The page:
The results showed that in addition to the massive improvement in the CO₂ scorecard, major advantages were also achieved with respect to particle emissions. The combustion of ED95 compared to normal fossil-based diesel takes place almost soot-free. Moreover, nitrogen oxide emissions could be reduced, and the effectiveness of the engine was also increased.
Even if electric engines are currently gaining substantially in popularity, people will not be able to completely do without diesel engines in the foreseeable future, especially for construction machinery, tractors and also in lorries. Here the ethanol-diesel mixture ED95 could prove to be an environmentally compatible alternative, according to a new study carried out by the Institute for Powertrains and Automotive Technology at the Vienna University of Technology in cooperation with AGRANA and building up earlier analyses implemented by Scania in Sweden.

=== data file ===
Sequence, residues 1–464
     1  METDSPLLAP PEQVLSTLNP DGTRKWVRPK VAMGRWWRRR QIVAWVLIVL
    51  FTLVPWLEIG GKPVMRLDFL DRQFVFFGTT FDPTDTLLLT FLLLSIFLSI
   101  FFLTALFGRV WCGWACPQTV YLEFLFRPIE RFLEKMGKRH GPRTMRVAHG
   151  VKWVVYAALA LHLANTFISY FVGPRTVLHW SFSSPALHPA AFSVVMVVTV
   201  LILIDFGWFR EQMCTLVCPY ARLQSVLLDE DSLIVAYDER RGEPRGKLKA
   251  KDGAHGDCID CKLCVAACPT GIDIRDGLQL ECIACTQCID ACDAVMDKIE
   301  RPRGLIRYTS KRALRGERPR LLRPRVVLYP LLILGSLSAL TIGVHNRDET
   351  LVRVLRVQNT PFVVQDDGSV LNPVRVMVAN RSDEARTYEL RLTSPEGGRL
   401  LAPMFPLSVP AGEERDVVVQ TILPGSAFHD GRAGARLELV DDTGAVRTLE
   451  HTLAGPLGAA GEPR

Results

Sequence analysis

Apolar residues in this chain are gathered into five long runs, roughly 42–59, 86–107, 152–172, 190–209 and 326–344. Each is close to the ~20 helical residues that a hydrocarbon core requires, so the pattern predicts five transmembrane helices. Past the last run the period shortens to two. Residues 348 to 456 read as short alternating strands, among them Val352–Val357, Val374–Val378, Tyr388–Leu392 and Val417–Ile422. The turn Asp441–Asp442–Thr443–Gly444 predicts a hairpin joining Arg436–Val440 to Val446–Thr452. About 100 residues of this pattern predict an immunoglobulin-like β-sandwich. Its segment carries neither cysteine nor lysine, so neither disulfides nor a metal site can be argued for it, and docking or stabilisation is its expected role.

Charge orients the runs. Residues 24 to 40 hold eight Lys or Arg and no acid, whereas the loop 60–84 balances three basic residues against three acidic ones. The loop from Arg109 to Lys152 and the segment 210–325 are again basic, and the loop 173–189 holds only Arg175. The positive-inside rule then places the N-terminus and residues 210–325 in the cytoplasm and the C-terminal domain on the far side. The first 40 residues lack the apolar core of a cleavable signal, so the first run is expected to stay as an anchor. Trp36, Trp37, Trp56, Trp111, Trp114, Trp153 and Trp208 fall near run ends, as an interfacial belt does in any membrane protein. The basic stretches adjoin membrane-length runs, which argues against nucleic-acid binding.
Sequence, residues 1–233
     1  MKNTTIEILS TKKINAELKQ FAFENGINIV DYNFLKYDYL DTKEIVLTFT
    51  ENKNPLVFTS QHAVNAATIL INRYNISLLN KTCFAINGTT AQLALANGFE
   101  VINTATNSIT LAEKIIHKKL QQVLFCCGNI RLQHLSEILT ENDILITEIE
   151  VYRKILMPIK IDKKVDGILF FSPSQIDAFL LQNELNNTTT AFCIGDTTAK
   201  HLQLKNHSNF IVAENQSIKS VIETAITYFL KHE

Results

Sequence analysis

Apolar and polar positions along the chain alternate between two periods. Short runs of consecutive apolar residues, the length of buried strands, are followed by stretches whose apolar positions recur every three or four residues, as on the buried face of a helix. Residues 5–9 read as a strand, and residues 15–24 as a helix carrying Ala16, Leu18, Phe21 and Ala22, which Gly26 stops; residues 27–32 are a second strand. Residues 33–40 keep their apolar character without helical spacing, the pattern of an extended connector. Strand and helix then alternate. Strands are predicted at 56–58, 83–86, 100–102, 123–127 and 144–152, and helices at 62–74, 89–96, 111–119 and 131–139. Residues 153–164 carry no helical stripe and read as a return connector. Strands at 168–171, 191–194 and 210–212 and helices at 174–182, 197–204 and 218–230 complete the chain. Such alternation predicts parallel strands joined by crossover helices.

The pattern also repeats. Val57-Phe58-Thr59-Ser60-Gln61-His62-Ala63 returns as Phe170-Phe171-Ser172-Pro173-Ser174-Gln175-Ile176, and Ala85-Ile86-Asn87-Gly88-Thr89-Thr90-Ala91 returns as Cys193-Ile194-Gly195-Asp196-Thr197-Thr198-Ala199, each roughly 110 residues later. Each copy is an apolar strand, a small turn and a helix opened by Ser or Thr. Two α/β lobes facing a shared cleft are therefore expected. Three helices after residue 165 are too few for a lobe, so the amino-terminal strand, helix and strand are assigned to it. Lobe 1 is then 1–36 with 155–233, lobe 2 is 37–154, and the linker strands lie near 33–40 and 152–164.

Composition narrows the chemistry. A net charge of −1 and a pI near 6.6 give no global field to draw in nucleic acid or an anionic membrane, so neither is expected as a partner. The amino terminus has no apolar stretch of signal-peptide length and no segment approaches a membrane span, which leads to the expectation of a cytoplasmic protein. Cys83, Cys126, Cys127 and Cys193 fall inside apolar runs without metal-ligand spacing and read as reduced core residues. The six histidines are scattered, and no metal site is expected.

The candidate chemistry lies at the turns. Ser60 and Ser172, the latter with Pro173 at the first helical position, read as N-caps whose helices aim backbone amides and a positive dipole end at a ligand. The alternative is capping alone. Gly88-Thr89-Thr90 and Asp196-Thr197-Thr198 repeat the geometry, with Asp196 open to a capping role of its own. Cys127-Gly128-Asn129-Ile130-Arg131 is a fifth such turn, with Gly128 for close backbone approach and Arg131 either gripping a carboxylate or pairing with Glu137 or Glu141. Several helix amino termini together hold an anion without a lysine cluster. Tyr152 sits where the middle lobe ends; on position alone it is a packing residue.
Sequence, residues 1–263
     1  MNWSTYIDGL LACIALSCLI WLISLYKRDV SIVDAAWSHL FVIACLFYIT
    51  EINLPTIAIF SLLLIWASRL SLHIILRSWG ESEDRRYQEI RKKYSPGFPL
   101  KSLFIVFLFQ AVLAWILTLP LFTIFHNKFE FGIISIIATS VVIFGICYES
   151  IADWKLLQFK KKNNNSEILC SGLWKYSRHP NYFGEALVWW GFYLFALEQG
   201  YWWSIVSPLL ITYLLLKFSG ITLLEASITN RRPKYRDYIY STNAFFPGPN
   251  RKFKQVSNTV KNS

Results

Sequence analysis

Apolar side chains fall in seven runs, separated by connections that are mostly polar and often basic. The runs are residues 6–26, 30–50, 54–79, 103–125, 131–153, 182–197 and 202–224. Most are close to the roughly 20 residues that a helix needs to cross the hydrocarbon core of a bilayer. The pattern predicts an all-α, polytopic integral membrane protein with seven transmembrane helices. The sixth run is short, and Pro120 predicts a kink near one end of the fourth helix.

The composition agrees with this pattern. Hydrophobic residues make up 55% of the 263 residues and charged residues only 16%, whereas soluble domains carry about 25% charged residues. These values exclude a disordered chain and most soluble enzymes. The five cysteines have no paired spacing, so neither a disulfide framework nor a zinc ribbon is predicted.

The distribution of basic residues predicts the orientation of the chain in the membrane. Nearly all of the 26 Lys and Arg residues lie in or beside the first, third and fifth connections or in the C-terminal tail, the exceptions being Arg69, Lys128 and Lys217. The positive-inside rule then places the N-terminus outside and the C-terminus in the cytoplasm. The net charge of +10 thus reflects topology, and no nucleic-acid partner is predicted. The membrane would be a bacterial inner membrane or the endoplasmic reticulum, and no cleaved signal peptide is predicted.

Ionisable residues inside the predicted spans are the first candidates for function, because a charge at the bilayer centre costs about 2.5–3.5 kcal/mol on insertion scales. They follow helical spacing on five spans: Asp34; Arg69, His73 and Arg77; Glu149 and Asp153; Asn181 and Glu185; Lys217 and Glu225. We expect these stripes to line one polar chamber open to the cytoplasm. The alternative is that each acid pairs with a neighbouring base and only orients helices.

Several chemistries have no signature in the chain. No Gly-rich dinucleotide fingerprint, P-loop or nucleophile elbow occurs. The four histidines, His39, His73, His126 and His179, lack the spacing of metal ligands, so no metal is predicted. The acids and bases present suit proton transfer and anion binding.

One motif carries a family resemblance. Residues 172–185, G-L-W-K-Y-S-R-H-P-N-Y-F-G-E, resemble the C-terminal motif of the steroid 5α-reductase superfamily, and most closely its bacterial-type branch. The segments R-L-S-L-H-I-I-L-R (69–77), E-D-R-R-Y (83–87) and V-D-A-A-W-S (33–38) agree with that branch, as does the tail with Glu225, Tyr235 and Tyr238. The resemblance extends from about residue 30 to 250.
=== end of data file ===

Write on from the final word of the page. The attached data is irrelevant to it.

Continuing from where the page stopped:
ED95 fuel from Sweden was used for the trial runs. The ethanol is derived from plant-based raw materials. Combustion generates only as much CO₂ as the plant absorbed beforehand. Including the additives and the high level of efficiency of the diesel engine, the total CO₂ reduction equals about 90 percent in comparison to conventional fossil-based diesel.
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